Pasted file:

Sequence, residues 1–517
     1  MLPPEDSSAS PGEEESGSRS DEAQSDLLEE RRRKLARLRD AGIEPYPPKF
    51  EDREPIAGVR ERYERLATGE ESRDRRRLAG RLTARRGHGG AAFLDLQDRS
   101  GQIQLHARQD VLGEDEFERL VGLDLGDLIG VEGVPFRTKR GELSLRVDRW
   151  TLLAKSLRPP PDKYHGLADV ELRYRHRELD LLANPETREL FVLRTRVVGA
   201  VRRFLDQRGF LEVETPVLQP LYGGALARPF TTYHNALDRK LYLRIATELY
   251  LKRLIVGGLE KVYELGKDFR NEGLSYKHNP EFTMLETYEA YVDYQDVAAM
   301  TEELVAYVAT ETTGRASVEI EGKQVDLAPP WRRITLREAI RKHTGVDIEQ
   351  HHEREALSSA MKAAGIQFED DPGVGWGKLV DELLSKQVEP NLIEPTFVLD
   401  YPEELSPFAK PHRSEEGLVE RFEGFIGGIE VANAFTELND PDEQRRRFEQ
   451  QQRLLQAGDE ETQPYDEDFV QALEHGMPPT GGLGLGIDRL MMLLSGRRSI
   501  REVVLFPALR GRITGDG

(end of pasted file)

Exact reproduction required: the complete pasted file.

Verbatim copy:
Sequence, residues 1–517
     1  MLPPEDSSAS PGEEESGSRS DEAQSDLLEE RRRKLARLRD AGIEPYPPKF
    51  EDREPIAGVR ERYERLATGE ESRDRRRLAG RLTARRGHGG AAFLDLQDRS
   101  GQIQLHARQD VLGEDEFERL VGLDLGDLIG VEGVPFRTKR GELSLRVDRW
   151  TLLAKSLRPP PDKYHGLADV ELRYRHRELD LLANPETREL FVLRTRVVGA
   201  VRRFLDQRGF LEVETPVLQP LYGGALARPF TTYHNALDRK LYLRIATELY
   251  LKRLIVGGLE KVYELGKDFR NEGLSYKHNP EFTMLETYEA YVDYQDVAAM
   301  TEELVAYVAT ETTGRASVEI EGKQVDLAPP WRRITLREAI RKHTGVDIEQ
   351  HHEREALSSA MKAAGIQFED DPGVGWGKLV DELLSKQVEP NLIEPTFVLD
   401  YPEELSPFAK PHRSEEGLVE RFEGFIGGIE VANAFTELND PDEQRRRFEQ
   451  QQRLLQAGDE ETQPYDEDFV QALEHGMPPT GGLGLGIDRL MMLLSGRRSI
   501  REVVLFPALR GRITGDG